Babysitter Saga–Do You Have One to Share?

It’s really hard to let someone else watch your kid. But most of us have had to take that leap of faith—whether it’s daycare, a nanny or a babysitter. No one is perfect (including us moms), so of course you’re going to find flaws in the help (i.e. read my sitter chronicles). However, I was appalled at the email I got from a friend about a recent babysitter fiasco. It’s so absurd I had to share. I am calling her kid “Y”. He’s three. And now in much better hands. Can anyone top this?

So I really wanted a drink last night because….

I have this sitter a few mornings per week (so I can work). She’s been with us for almost a year or so. She’s young (27) and an aspiring singer. So, you know–her heart isn’t really in this and she’s kind of dramatic and crazy in that performance-artist kind of way. Also, she has my least favorite quality in a sitter: Instead of asking questions, she pretends like she knows everything and is listening to me, when I suspect she’s not.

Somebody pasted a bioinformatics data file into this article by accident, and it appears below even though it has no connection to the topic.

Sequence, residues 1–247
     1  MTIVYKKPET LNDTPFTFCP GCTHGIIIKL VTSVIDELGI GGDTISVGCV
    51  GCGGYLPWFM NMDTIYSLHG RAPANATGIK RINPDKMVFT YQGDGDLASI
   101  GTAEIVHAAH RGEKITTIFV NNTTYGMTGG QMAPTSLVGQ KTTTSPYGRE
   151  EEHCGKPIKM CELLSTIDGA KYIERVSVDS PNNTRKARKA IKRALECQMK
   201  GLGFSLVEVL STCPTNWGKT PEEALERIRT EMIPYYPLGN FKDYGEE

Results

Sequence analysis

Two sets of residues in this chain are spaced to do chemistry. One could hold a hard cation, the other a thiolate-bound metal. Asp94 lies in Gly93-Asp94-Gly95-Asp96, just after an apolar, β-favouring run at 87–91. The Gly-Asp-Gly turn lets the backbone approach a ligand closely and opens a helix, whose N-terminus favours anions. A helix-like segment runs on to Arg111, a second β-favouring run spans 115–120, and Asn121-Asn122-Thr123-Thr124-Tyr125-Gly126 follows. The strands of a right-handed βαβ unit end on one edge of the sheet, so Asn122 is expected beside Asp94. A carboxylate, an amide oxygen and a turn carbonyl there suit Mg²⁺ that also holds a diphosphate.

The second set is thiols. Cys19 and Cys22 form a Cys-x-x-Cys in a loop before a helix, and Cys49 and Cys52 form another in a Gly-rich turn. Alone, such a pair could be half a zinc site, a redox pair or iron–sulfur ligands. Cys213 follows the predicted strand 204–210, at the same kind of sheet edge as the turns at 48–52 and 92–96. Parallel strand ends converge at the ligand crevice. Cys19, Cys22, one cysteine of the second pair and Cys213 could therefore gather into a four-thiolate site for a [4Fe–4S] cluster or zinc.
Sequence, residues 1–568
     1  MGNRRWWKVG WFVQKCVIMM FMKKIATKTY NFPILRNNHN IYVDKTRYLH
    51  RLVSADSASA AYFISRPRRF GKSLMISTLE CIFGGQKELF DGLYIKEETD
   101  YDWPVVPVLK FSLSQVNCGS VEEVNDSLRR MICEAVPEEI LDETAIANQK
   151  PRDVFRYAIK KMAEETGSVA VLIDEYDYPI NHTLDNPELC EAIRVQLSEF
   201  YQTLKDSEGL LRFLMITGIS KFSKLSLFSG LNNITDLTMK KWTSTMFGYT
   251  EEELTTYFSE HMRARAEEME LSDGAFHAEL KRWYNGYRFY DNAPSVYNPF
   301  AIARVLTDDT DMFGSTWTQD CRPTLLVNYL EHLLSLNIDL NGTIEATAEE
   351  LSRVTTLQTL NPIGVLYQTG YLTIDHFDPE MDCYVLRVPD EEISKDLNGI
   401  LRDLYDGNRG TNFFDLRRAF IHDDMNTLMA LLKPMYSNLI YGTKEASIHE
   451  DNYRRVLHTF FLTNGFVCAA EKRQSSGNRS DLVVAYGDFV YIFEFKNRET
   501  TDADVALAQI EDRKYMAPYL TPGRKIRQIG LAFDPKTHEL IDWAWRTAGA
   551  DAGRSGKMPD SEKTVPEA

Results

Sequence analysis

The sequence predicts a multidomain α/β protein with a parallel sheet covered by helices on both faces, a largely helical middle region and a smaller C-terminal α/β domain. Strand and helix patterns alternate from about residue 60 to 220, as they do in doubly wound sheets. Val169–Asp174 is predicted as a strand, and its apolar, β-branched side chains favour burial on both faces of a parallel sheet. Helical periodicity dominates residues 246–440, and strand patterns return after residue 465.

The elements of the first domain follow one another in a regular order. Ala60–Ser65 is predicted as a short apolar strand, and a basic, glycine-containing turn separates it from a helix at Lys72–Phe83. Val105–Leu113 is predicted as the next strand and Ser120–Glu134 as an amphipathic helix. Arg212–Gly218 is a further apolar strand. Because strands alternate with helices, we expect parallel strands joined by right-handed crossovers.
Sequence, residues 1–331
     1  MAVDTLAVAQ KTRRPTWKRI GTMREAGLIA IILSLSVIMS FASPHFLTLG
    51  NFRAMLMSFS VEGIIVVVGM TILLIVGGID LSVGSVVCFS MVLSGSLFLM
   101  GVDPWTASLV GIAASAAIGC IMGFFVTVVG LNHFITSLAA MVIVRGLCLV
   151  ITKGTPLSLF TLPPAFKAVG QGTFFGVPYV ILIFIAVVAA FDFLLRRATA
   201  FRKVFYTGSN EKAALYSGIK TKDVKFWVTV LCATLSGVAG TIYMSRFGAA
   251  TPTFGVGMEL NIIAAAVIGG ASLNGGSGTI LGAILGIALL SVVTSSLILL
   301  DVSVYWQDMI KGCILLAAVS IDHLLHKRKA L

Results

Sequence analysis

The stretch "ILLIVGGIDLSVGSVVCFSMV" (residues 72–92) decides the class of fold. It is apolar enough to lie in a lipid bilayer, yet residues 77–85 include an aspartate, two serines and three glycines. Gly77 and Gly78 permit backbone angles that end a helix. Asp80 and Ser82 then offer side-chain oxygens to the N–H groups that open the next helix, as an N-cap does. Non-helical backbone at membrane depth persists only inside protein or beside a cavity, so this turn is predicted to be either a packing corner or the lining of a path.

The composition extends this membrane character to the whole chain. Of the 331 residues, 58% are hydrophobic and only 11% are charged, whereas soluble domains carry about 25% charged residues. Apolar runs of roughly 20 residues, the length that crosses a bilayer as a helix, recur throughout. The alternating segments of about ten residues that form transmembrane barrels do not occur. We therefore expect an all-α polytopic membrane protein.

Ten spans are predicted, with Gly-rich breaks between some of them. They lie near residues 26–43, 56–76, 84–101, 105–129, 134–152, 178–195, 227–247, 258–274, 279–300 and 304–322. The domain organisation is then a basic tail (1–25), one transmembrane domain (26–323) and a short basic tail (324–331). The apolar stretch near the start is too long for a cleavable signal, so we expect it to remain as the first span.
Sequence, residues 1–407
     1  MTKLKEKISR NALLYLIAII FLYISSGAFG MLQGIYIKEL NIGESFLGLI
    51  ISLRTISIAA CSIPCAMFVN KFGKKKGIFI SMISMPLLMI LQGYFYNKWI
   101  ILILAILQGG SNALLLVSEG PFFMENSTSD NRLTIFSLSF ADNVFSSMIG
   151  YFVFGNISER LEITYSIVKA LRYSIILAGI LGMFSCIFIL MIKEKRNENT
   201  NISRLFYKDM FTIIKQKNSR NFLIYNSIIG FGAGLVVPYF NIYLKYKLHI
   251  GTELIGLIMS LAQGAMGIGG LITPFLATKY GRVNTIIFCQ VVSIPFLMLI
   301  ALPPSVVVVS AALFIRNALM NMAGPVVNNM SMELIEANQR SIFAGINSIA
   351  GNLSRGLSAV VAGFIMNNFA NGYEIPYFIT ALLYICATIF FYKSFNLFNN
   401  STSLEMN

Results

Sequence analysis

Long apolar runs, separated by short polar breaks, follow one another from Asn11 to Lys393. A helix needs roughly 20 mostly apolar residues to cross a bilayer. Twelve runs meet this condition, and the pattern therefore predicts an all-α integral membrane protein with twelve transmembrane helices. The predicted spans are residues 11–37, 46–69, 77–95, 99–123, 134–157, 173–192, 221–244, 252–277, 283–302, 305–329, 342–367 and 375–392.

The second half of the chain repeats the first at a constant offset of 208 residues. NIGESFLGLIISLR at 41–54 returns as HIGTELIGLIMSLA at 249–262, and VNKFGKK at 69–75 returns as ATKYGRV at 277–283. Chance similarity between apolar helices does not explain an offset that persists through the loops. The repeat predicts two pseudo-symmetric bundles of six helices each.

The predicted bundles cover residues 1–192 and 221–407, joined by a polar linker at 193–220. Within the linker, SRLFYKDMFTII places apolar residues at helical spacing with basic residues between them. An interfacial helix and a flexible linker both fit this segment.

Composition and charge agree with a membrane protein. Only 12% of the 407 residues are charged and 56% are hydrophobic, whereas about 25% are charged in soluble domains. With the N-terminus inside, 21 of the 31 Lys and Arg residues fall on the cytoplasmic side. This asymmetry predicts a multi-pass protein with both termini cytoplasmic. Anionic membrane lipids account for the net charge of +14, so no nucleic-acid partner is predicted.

One time, she came to watch Y and she had no makeup on. When I came back, she was totally made up. She looked great so I asked her about her eye shadow. She said, “Oh, it’s yours!” Yep. She helped herself to my makeup. Since then, I put out some old “dummy” makeup in case she
goes digging for it again. I hide the rest.

I thought about letting her go then, but it’s hard to find a new person. I dread the process. Hate it actually. Plus, I don’t use her that often and Y loves her. He doesn’t take to many people, so to start from scratch just seems daunting.

So yesterday, she shows up and I compliment her on her outfit. “Ugh,” she says. “I just got my period so I took my underwear off. I need to wash them in your machine.”